Films: Faster, Pussycat! Kill! Kill!, Rebel Without a Cause
Format: internet video (Pussycat), DVD from DeKalb Public Library (Rebel) on laptop.
There’s a certain male mindset that I don’t understand. Russ Meyer understood it, mostly because he was a victim of it himself, evidently. This mindset that I don’t understand is an attraction to really scary women, the kind who are not merely capable of killing a man for fun, but who are happy to do it just for the kicks. It’s evidently a common thing, though. It seems to explain about 80% of Quentin Tarantino’s movies.
A prime example of this mindset is Faster, Pussycat! Kill! Kill! by “auteur” Russ Meyer. Allegedly, Meyer gave the film this name because it contains everything he wants in a picture: speed, sex, and violence. And a weird little collection of speed, sex, and violence it is, let me assure you. It’s a world populated by fast little cars, women wearing next to nothing, and sex fiends of both genders. Interestingly, it also seems to presage such “creepy people in the middle of nowhere” films as The Texas Chainsaw Massacre and The Hills Have Eyes.
We start with a voiceover accompanied by a visual representation of the sound waves. This voiceover is all about the problems of youth and violence, violence in the guise of shapely, beautiful…WOMEN! And from here we jump cut to a trio of go-go dancers. These girls are our heroines. They are Varla (the awesomely named Tura Satana), Rosie (Haji, who is either the source of all super-fake Italian accents or the victim of the same), and Billie (Lori Williams). They drive off to the desert for no real reason other than to blow off some steam. It is here that they come across Tommy (Ray Barlow) and Linda (Sue Bernard). Tommy is in the desert to run some time trials on his car with Linda timing him. Unfortunately, Varla, Rosie, and Billie aren’t going to let it happen. They end up attacking the pair, and Varla kills Tommy.
The trio kidnaps Linda and drives away, trying to determine what to do next. In a little Podunk town, they locate a family that’s contending with its own demons. The old man (Stuart Lancaster) is in a wheelchair thanks to a train accident. His two boys are completely different. Kirk (Paul Trinka) is an intellectual while the big one is just called The Vegetable (Dennis Busch).
It’s pretty evident that things are hinky here right away. Some things have already happened here, and the old man has the hots for Linda. This is something he’s done before, because he talks about hiding her body out in the desert when he’s done with her. Fun! Really, it’s just a bloodletting and meat hook away from living next door to Leatherface and kin.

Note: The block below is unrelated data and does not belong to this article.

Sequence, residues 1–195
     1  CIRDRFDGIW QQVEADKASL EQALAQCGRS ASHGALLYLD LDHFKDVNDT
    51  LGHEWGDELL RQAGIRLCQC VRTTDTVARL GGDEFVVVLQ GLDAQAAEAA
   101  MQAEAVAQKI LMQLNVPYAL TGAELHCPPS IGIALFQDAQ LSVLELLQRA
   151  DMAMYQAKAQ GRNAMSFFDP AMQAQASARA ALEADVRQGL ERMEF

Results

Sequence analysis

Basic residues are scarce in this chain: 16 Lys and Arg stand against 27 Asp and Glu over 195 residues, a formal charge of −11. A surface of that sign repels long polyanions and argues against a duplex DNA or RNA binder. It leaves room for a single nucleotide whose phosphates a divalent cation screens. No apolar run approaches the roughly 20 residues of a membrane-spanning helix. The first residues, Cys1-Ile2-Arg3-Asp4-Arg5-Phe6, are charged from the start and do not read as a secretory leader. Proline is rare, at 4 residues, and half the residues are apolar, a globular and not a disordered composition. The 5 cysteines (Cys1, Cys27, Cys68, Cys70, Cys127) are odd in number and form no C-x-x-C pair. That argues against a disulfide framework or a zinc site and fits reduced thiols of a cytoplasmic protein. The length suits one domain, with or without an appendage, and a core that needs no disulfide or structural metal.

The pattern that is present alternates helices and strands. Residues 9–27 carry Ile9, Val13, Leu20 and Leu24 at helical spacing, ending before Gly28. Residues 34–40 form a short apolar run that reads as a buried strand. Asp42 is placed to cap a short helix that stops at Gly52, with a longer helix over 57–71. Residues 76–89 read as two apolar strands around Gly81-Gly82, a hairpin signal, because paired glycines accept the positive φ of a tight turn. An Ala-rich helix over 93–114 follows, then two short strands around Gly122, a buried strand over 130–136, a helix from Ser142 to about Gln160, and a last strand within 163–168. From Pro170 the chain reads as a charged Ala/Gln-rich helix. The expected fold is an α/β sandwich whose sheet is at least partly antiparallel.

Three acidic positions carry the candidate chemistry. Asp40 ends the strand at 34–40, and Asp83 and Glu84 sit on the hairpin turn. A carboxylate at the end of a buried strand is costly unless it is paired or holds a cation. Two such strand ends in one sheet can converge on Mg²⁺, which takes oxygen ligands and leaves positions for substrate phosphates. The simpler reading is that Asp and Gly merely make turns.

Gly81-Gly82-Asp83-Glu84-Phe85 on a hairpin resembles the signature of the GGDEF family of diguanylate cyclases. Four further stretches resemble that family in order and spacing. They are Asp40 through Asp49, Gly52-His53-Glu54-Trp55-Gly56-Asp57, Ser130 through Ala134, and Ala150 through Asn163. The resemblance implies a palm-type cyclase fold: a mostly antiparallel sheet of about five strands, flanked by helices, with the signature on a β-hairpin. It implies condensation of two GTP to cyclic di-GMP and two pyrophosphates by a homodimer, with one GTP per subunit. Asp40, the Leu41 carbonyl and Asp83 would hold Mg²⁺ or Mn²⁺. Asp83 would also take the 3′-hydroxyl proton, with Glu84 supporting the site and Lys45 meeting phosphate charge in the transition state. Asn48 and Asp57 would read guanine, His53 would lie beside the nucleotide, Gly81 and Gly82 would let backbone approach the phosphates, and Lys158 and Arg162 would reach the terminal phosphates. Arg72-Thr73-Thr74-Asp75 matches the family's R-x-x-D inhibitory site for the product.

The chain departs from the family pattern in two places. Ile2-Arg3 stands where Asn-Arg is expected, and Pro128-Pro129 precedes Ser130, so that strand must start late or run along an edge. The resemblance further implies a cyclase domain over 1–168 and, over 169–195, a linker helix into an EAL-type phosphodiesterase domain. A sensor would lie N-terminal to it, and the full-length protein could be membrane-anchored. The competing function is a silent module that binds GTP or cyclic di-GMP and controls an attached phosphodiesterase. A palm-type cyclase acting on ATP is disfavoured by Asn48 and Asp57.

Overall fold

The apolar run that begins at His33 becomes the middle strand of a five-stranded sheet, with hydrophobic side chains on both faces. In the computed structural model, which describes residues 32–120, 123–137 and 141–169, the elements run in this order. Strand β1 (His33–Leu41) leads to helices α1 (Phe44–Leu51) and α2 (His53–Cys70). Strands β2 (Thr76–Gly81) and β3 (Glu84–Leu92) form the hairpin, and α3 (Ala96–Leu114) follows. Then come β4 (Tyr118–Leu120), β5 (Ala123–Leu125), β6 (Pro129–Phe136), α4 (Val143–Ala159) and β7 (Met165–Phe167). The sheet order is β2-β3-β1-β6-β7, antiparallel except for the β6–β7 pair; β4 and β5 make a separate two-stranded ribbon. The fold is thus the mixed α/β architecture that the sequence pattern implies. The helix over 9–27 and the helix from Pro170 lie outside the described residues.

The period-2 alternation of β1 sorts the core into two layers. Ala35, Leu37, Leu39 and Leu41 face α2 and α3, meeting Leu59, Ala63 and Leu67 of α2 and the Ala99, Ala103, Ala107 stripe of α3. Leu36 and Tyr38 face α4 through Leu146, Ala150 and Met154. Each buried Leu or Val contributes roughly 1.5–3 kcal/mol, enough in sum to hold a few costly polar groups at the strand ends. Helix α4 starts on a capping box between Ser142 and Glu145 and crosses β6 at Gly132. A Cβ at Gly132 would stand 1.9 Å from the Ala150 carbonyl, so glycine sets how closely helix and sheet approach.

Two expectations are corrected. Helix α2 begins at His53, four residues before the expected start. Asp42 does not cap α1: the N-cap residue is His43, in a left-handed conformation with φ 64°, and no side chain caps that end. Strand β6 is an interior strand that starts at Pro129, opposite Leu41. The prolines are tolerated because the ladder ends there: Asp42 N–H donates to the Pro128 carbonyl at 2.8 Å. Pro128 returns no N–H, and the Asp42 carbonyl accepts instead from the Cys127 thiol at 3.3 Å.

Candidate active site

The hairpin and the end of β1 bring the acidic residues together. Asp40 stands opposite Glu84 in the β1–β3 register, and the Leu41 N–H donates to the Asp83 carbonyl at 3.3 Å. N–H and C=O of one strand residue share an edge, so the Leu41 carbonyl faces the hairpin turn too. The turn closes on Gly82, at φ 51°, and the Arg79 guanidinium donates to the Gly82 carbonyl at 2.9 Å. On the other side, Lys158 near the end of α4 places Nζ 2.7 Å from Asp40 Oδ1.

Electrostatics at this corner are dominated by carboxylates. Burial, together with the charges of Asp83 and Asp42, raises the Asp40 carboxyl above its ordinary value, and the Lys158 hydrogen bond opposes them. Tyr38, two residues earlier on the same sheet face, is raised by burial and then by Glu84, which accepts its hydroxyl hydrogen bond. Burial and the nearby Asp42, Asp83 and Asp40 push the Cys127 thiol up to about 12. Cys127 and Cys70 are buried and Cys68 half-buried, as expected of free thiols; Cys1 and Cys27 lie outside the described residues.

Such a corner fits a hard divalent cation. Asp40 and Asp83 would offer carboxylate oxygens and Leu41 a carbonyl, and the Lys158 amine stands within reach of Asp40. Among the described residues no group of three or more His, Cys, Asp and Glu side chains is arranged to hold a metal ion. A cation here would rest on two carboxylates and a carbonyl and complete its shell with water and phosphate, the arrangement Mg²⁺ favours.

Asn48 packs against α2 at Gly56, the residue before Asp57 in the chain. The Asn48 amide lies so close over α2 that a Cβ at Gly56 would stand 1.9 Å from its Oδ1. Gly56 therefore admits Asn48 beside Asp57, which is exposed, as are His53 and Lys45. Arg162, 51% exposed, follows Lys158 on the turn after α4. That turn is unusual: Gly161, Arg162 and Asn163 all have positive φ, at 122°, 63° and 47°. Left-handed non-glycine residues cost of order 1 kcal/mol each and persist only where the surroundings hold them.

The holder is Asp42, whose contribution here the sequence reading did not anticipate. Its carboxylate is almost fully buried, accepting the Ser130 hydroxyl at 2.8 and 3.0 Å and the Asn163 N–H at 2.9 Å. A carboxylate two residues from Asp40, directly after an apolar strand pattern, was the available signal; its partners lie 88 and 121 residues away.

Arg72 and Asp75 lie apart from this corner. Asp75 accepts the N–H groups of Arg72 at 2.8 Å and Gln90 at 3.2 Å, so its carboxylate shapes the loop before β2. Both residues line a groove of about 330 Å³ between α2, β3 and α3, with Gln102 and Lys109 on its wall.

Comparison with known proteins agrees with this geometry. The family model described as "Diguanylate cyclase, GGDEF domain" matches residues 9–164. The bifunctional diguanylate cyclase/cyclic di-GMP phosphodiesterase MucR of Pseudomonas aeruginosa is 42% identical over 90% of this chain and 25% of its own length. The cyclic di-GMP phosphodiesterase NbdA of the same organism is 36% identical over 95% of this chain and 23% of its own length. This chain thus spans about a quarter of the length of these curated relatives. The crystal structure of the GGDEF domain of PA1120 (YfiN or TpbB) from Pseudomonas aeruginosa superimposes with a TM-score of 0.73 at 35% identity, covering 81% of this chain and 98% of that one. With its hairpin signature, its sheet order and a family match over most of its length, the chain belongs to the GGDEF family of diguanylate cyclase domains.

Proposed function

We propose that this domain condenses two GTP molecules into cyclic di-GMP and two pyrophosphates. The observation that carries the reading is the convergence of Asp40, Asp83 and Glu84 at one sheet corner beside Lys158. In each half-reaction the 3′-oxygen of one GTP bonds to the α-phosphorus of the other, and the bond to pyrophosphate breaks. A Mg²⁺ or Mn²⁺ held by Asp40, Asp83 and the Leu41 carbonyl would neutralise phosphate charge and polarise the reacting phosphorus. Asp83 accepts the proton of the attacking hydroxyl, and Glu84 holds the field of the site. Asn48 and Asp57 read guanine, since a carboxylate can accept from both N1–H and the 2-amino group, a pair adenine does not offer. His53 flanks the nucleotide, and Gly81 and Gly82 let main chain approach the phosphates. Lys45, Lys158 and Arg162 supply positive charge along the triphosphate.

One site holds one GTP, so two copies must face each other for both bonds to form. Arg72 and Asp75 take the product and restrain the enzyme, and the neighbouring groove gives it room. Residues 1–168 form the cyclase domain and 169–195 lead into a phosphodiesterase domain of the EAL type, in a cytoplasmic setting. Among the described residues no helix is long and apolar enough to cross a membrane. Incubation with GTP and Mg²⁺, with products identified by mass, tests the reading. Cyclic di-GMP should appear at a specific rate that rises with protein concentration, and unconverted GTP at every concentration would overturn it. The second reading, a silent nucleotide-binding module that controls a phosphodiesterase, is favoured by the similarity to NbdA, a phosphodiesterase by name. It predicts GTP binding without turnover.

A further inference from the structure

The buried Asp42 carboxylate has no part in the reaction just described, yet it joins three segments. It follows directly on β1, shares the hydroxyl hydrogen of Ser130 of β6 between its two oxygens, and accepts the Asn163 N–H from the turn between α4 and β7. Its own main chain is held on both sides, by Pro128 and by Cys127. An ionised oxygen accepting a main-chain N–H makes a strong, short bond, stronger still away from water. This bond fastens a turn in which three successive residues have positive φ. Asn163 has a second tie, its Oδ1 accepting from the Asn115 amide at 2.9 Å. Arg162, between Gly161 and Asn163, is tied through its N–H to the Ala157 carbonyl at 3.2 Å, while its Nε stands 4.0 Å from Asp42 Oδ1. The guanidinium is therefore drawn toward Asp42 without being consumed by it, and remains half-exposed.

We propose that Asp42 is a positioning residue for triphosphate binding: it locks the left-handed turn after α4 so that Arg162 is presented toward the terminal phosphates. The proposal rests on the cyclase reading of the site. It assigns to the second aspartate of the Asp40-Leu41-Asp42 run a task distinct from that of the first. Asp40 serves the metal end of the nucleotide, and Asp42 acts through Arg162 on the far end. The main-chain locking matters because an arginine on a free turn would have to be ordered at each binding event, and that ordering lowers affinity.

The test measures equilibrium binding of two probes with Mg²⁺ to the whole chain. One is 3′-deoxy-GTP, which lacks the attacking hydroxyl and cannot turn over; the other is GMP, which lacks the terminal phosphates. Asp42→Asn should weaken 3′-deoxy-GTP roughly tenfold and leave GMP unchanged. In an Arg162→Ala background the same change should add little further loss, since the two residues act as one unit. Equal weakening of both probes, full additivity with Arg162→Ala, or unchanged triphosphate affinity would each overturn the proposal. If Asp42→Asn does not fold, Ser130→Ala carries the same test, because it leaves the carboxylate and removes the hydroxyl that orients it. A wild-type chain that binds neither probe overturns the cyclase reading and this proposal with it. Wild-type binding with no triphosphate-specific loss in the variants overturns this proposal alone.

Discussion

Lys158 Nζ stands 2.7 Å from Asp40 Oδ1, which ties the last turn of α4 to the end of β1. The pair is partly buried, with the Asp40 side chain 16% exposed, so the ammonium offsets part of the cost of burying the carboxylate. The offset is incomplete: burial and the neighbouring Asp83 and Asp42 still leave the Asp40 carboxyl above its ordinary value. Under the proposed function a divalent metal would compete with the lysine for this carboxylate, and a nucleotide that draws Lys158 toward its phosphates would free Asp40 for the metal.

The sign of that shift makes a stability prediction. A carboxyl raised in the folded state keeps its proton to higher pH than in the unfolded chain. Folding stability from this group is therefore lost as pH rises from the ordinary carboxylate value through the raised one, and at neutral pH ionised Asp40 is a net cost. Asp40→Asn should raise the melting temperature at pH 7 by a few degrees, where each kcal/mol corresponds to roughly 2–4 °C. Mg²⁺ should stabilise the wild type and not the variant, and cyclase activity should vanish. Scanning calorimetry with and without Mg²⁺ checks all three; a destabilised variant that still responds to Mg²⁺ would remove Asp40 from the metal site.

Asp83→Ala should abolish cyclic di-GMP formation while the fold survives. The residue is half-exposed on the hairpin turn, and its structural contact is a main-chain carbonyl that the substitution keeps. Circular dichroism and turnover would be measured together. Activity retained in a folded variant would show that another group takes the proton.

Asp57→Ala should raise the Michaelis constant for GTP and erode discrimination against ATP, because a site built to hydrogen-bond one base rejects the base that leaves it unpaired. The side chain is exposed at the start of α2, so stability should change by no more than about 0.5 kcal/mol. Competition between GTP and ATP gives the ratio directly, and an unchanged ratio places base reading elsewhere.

But let’s be honest here. This isn’t a movie anyone watches for the scintillating dialogue or the riveting story. This movie was (and is) watched because Varla, Rosie, and Billie are barely in their clothing at all times. Varla is barely contained by her leather top. She’s a shrug and a hiccup away from exposing 18 pounds of mammary. The bulk of the audience, of course, is hoping against hope for that shrug and hiccup. If the film were to be made today…well, she’d just be constantly topless, and you’d be able to watch it every night between 11:30 and 1:00 am on Cinemax.
Frankly, these women scare me. Rosie needs to take diction lessons. Billie needs to stop drinking and put on pants. And Varla…geez. She’s terrifying. I can kind of understand why men might want a taste of that particular well, but not me. I prefer my women smart and safe, not a whim away from lopping off my manhood for a lark. But all that said, I don’t really begrudge them what they did to Linda. Seriously, with her little bikini and hair bow, she’s right out of a Gidget movie. I’d want to slap her, too.
Of course, not all rebellious youth movies are exploitative and trashy. At the other end of the spectrum is the classic Rebel Without a Cause, noted primarily as being one of James Dean’s only films. And this begs a serious question about this film. If we presume for a moment that James Dean didn’t die in a car crash after making only three movies, that he made perhaps three dozen and died of a heart attack at age 65, would anyone still care about this movie?